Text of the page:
We’re all about adding unique ingredients to spice up your salads, but finding one you definitely didn’t plan to eat is not on the menu. That’s what happened to poor Michelle Carr, a nurse in Maine, who discovered a three-inch dead lizard on her fork after digging in.
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"I immediately started to retch," she told local news WMUR in the video below. She had picked up a bag of romaine lettuce at a nearby New Hampshire grocery store, washed it, and prepared what she thought was about to be a tasty, nutritious meal. After returning to her bowl a few times, she suddenly realized, "My fork was not in an avocado slice."
Unfortunately, this gross-out story gets worse: The dead lizard was missing its tail. Carr isn’t sure if she—shudder—ate the tail or not. Because she’s breastfeeding her newborn son, she was immediately concerned about food-borne bugs she could have been exposed to, like E. coli or salmonella. She reported the creepy-crawly to the state FDA and the grocery store where she picked up the questionable romaine. The store has said it’s working with its lettuce supplier to figure out how this could have happened.
"The first time and only time I’ve ever bought a bag of pre-packaged lettuce, go figure," Carr said.
— The Boston Globe (@BostonGlobe) February 6, 2018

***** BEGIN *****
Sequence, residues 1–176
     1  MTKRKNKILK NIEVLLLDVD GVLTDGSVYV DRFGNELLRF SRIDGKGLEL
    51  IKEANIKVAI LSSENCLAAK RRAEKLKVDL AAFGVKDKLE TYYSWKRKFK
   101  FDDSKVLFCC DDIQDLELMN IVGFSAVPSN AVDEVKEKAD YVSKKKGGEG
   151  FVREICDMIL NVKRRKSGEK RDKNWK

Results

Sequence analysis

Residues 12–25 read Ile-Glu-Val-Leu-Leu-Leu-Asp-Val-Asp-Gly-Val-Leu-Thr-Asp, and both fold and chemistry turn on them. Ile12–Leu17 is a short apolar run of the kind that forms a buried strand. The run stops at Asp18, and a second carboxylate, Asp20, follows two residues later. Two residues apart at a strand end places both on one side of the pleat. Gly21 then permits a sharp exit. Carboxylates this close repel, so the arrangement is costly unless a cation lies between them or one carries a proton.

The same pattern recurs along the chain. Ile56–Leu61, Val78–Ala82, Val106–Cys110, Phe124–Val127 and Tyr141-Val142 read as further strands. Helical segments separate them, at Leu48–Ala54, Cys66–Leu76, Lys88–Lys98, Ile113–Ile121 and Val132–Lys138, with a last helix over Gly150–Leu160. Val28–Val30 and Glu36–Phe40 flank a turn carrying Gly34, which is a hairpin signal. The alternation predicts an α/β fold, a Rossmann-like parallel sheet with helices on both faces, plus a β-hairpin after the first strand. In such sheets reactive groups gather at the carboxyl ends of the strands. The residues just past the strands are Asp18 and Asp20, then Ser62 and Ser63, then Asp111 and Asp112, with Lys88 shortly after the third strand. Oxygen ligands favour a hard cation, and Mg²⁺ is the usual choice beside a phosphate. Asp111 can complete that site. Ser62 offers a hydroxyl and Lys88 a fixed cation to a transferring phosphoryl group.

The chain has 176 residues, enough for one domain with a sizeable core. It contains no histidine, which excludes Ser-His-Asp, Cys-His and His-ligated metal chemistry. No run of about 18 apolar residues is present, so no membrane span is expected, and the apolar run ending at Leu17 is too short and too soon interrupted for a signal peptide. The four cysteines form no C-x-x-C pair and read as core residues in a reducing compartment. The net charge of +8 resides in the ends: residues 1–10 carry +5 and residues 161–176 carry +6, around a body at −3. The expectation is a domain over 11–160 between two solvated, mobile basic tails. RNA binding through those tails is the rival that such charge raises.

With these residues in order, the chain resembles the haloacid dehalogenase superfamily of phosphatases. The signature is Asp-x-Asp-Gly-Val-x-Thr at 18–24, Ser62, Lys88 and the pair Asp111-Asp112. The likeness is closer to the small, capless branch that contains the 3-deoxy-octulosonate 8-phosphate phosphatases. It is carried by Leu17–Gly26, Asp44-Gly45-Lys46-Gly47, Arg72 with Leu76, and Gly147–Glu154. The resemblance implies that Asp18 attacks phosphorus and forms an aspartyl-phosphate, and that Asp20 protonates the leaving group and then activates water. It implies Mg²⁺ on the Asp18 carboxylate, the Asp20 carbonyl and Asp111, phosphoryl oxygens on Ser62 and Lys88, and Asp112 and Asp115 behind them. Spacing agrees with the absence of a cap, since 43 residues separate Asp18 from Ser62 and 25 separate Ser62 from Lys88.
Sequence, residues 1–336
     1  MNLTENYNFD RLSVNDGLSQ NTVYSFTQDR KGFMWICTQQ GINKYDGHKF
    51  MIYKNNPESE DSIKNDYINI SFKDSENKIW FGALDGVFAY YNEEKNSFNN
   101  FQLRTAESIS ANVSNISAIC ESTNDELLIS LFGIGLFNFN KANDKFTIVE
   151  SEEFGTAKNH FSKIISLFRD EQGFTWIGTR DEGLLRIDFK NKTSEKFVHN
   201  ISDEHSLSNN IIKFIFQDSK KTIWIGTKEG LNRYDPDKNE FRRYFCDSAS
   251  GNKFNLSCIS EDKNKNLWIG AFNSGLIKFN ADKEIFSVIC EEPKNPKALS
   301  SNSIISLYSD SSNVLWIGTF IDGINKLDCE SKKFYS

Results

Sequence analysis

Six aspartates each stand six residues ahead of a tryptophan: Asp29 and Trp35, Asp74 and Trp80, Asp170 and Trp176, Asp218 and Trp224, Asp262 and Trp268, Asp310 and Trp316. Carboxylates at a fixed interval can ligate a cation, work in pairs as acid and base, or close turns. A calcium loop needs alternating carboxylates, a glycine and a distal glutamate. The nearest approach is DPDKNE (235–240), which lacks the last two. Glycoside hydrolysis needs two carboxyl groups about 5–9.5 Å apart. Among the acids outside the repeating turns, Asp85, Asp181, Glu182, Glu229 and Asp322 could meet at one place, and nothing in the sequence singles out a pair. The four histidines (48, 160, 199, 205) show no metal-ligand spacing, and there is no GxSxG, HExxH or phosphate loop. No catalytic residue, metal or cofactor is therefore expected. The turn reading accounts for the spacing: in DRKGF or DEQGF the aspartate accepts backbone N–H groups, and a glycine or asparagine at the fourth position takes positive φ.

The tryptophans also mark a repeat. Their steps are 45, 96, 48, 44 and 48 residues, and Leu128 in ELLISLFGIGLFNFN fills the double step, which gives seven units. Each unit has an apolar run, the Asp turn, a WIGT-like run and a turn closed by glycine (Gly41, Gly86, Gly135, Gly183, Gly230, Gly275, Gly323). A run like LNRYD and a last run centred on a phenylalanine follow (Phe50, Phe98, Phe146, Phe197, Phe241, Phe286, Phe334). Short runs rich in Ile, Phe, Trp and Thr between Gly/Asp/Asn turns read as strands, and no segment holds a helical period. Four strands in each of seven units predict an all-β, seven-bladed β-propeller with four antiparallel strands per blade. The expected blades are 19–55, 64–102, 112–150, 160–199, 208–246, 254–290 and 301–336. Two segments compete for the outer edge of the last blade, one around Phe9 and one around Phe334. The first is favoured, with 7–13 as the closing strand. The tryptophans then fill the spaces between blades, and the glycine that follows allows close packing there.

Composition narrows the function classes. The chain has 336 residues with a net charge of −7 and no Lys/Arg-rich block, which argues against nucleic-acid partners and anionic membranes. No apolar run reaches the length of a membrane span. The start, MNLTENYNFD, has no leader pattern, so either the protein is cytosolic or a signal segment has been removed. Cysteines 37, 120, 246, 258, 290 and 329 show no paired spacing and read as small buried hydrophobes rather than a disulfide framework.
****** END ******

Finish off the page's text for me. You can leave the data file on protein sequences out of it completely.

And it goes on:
While the FDA says you can use pre-washed, ready-to-eat packaged produce without another rinse, Carr added, "We need to be really diligent about washing your produce no matter where you get it from." Make sure to also check the "sell by" and "use by" dates of bagged lettuce carefully, as E. coli might grow more rapidly on older greens.
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If you're not yet queasy enough, know that this isn’t the first time an animal that really doesn’t belong has turned up in a salad bowl. In April 2017, two people in Florida found a bat in a bag of salad they ate the day before. Also that year, a woman who found a small frog in store-bought salad kept it as a pet. ¯\_(ツ)_/¯
Whatever you do, please don’t use these nauseating stories as an excuse to skip your greens. The chances of discovering a lizard in your salad—or some other truly bizarre object or animal—are teeny compared to the health benefits of getting enough fruits and veggies, promise.